But nothing triggers more than the world trying to juice out the last drop of profit from his dead body. They pose with his and Amarjot’s mortal remains like they always supported them while the haunting Vida Karo plays, a song equivalent to Pyaasa's Yeh Duniya (1957), reminding you that not much has changed for artists who went against extremists of any kind. 

Talking of Vida Karo, the music of Chamkila is iconic. One must not compare it with Rockstar only for the names involved; the Ranbir Kapoor-led film is a different beast that cannot be recreated. With Amar Singh Chamkila, Imtiaz Ali, AR Rahman, and Irshad Kamil entering boundaries, they haven’t. They blend Chamkila’s world into their music and what is born is a unique album. Naram Kaalja is a rebellion that reminds us that our culture has song forms like that of Chamkila’s; we never questioned them. Baaja is a beast, and so are the rest of the songs. All hail the trio that never disappoints. Chamkila becomes a social commentary through its songs that build a successful parallel narrative. Exactly how music must be approached.

Speaking of acting performances, Diljit Dosanjh gives one of the finest performances of his career. Chamkila is as complex as a character can be and even more so in the head than physically. To be that is a challenge and Dosanjh aces it. The acting performance touches the heart and wins it. Parineeti Chopra as Amarjot Kaur will be one of the most celebrated performances of the year. The actor understands the responsibility that comes with this and does it well. However, the script at one point sidelines her and brings Chamkila as supreme. It is felt and will not be appreciated. She paid for his bravery, and Amarjot should have gotten the opportunity to vent it out.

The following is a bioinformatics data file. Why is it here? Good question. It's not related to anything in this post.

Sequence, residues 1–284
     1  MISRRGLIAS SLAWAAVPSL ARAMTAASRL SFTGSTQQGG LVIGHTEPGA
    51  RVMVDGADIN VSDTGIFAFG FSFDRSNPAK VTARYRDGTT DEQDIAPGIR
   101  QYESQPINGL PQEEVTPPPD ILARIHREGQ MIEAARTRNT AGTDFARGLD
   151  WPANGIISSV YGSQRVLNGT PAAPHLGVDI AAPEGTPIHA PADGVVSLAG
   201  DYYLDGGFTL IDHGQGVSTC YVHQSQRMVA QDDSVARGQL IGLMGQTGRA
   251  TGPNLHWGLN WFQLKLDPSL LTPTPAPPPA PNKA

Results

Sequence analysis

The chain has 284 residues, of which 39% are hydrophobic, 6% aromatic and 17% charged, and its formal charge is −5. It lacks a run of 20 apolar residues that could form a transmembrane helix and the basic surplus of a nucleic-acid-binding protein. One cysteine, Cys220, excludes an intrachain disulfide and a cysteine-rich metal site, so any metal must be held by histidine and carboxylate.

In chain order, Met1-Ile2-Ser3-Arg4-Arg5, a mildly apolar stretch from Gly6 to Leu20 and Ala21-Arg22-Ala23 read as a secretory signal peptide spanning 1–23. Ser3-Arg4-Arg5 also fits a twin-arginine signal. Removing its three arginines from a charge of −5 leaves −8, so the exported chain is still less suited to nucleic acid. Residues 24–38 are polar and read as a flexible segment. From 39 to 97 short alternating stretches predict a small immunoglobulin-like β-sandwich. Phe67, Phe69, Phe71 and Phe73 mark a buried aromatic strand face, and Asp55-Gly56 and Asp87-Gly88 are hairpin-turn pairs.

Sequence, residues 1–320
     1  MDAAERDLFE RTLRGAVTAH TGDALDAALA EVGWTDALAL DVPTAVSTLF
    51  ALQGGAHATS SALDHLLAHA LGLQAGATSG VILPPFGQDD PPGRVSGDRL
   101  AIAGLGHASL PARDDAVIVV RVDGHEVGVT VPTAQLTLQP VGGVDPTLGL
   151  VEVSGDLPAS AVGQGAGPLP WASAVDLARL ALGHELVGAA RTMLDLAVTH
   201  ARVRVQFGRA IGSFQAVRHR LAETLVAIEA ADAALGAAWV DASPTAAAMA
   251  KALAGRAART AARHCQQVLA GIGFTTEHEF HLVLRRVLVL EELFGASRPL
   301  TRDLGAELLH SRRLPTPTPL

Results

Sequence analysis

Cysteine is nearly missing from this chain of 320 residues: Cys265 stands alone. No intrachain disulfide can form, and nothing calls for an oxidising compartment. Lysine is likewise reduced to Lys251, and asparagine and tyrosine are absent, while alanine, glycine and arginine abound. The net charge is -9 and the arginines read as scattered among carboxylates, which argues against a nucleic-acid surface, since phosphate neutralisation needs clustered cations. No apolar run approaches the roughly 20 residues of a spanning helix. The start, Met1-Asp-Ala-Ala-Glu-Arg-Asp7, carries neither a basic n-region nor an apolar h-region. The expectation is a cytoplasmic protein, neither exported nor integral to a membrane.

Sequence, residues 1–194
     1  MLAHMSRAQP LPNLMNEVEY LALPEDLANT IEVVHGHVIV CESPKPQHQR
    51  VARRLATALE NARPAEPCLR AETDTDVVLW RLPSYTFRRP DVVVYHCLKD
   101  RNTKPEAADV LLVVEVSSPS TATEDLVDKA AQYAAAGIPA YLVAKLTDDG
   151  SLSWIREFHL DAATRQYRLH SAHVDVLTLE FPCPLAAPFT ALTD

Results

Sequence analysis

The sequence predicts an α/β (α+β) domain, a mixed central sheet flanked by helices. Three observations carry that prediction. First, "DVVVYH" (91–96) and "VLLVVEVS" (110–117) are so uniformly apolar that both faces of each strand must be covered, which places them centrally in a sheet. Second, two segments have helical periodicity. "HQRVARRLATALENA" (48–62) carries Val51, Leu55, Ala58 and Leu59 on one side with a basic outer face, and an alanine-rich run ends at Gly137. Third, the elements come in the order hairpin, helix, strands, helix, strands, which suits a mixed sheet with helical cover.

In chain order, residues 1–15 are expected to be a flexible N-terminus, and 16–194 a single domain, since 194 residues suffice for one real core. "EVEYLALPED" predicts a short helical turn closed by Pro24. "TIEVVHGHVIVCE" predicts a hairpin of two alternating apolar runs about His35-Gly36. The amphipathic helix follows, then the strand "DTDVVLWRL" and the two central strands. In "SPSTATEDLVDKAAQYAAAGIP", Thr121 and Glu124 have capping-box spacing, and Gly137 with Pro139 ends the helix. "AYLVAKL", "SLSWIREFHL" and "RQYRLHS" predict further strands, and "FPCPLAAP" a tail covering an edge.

Kumud Mishra plays a very confusing part this time. The excitement we had seeing him the first time in Chamkila is boiled down to two scenes that don’t create much impact because we haven’t been introduced to him well and have not been given any time to know him. We don’t even know when he met Chamkila for the first time. The entire gang that plays various people from Chamkila’s team is impeccable. Robbie Johal, Tushar Dutt, Apinderdeep Singh, and others are actors who definitely deserve more gigs.

Imtiaz Ali’s direction is brilliant as he explores the man, and I have written enough about it; anything more would be spoilers. Once the tension reaches its peak, the filmmaker tries to dodge the politics, and one can sense his urge to not go into sensitive lanes. But it all is compensated for as he begins the last act and how he chooses to open and end the film. You see bodies rotting slowly, and I might be reading too much between the lines, but it is what the harsh society does to artists who dare to do something that doesn't fit the norms.

DOP Sylvester Fonseca gives Amar Singh Chamkila a vibe like someone is shooting this on their phone and that gives the movie a very interesting and fresh layer. The editing is peppy with its jump cuts and constant change in screen ratio. Imtiaz Ali gives the technical department a free hand to experiment and one can see it. Suman Roy Mahapatra’s production design is authentic to the core and so rustic. Everything has rough edges and almost nothing is polished, which gives Amar Singh Chamkila its relatability visually. Watching it on the big screen at the MAMI Year Round Programme had its own charm. I wish the world could experience it. 

Amar Singh Chamkila Verdict

“Har kisi ki sahi galat chunne ki aukat nahi hoti; kuch ko bas zinda rehna hota hai,” Chamkila tells a journalist who criticises him and later heaps praise on him once he is dead. This is what Imtiaz Ali sets out to explain and you must watch the film with an open mind. The ‘ganda’ Chamkila wants to tell you what made him ‘ganda’."

Amar Singh Chamkila is now streaming on Netflix. Stay tuned to OTTplay for more such reviews and everything else from the world of streaming and films.